Intel is bolstering its neuromorphic computing ambitions with the second iteration of its Loihi processor and an open framework that the company hopes will accelerate the development of software for the emerging space.
The second-generation Loihi 2 processor, introduced Sept. 30, offers significant improvements over its predecessor in such areas as performance, programmability, deep learning capabilities and energy efficiency. However, just as important is the launch of the Lava software framework to drive the development of applications and fuel the growth of a community around neuromorphic computing.
“Software continues to hold back the field,” Mike Davies, senior principal engineer and director of Intel’s Neuromorphic Computing Lab, said during a press briefing about Loihi 2 and Lava. “There hasn’t been a lot of progress — not at the same pace as the hardware — over the past several years and there hasn’t been an emergence of a single software framework, as we’ve seen in the deep learning world, where we have TensorFlow and PyTorch gathering huge momentum and a user base.”
Neuromorphic computing is among a number of novel computing architectures that include quantum computing and deep learning. The hardware and software are designed to model systems in the biological brain and nervous system and aimed at driving energy efficiency, computational speed and capacity in a range of uses, from vision, voice and gesture recognition to robotics and search efforts. It can make artificial intelligence (AI) capabilities more accessible to a wider audience.
Intel, IBM Lead the Way
Intel is among a broad array of chip makers big and small that are developing silicon for neuromorphic computing. Intel’s Loihi and IBM‘s TrueNorth are among the most well-known of the neuromorphic computing chips, though other vendors — from established players like Qualcomm and Samsung to smaller companies like BrainChip and Applied Brain Research — also are looking for traction in a global market that Verified Research predicts will grow from $22.06 million last year to $3.5 billion by 2028.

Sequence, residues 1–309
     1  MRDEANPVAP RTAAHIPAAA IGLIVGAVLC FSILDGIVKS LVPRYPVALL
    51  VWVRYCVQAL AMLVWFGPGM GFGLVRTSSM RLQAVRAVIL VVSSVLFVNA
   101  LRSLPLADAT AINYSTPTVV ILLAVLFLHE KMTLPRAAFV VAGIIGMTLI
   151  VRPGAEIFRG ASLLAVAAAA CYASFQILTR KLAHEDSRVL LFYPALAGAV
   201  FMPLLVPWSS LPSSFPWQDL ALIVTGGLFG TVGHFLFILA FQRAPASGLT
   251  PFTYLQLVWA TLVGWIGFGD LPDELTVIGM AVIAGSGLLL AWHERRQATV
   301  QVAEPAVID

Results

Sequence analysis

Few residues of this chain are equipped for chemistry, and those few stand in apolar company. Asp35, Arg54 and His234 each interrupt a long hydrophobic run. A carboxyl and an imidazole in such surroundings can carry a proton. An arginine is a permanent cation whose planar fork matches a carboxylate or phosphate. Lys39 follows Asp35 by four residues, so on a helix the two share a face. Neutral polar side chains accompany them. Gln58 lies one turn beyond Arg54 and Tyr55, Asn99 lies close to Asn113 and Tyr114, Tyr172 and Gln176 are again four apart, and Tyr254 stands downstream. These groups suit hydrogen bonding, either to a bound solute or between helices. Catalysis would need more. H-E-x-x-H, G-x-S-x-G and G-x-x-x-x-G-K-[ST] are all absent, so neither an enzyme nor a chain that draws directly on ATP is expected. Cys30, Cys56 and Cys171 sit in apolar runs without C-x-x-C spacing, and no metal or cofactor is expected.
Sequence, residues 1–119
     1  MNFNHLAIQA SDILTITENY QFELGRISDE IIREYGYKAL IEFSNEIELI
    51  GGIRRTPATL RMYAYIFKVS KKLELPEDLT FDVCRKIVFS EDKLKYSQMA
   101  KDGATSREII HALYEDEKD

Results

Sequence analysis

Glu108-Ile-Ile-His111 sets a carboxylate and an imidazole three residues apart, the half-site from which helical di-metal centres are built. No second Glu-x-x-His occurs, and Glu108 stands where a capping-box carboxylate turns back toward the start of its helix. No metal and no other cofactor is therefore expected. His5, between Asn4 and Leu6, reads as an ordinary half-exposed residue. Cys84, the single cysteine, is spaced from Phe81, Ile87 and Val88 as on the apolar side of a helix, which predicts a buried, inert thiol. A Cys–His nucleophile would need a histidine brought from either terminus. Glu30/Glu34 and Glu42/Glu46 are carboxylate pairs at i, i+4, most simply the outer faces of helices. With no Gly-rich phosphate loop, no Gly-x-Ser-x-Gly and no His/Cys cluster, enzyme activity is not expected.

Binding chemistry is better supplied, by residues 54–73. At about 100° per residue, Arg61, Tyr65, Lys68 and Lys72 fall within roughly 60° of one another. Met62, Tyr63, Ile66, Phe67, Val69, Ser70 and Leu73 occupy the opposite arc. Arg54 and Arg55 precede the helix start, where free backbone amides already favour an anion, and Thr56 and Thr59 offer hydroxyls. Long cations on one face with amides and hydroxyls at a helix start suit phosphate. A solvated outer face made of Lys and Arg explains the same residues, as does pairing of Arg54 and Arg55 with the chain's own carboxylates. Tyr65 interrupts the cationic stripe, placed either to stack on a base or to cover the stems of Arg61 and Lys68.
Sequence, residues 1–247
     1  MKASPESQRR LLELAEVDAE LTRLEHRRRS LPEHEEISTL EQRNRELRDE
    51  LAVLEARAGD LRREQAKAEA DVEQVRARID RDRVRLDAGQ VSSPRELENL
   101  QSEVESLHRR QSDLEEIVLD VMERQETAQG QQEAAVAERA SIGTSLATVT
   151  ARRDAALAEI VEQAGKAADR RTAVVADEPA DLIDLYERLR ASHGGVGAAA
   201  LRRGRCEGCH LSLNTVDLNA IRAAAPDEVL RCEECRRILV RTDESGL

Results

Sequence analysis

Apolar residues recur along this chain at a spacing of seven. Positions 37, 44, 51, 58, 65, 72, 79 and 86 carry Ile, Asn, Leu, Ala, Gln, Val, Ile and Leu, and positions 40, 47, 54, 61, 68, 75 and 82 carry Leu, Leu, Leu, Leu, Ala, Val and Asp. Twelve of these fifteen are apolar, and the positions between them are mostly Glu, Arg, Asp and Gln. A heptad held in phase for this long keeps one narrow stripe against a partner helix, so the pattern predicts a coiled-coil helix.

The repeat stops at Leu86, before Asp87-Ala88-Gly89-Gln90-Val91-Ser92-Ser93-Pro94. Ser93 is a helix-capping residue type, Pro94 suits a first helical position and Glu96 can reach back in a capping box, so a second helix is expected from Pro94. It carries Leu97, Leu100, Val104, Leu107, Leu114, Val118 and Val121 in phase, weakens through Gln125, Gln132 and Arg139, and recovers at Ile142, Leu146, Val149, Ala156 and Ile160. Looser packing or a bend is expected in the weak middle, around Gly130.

Intel in 2018 launched its Loihi processor, a research chip designed to test the architecture and assess its value. It’s a new computer architecture, with several key differences from conventional chips. There is no off-chip DRAM or memory space with cache hierarchies that all processors and cores have access to. The memory instead is tightly embedded in the individual cores and dispersed into small memory banks within the cores, similar to how synapses are widely distributed throughout the brain, Davies said.
Information, coding and processing are happening in a highly asynchronous manner – again, similar to the brain, where pulses of voltage called “spikes” mediate the transfer of information between billions of neurons in a highly efficient manner. With the Loihi architecture, computation is performed in an event-based way, activating circuits and using spikes to trigger the processor.
Intel engineers have found encouraging results in such areas as power efficiency, performance and latency for uses from gesture recognition and learning and adaptive robotic arm control to scene understanding and odor recognition and learning, Davies said. However, Loihi also had limitations, including insufficient neuron flexibility, limited support for the latest learning algorithms, performance bottlenecks and integration issues with conventional computing architectures.
Enter Loihi 2
Loihi 2 delivers improvements over its predecessor, including 10 times faster processing and 15 times more resource density — due in large part to 3D scaling — with up to 1 million neurons per chip, eight times more than Loihi. In addition, the neurons are programmable and generalized spike messaging, improving Loihi 2’s deep learning capabilities. The allocation of internal memory banks in Loihi was fixed. With Loihi 2, the internal memory banks in each core can be allocated at different stages of the pipeline.
The new chip also can more easily integrate with conventional processors, novel sensors and robotics systems. Leveraging a pre-production version of the Intel 4 manufacturing process, engineers were able to use extreme ultraviolet (EUV) lithography to simplify the layout design rules to accelerate the development of Loihi 2.
Density Is Key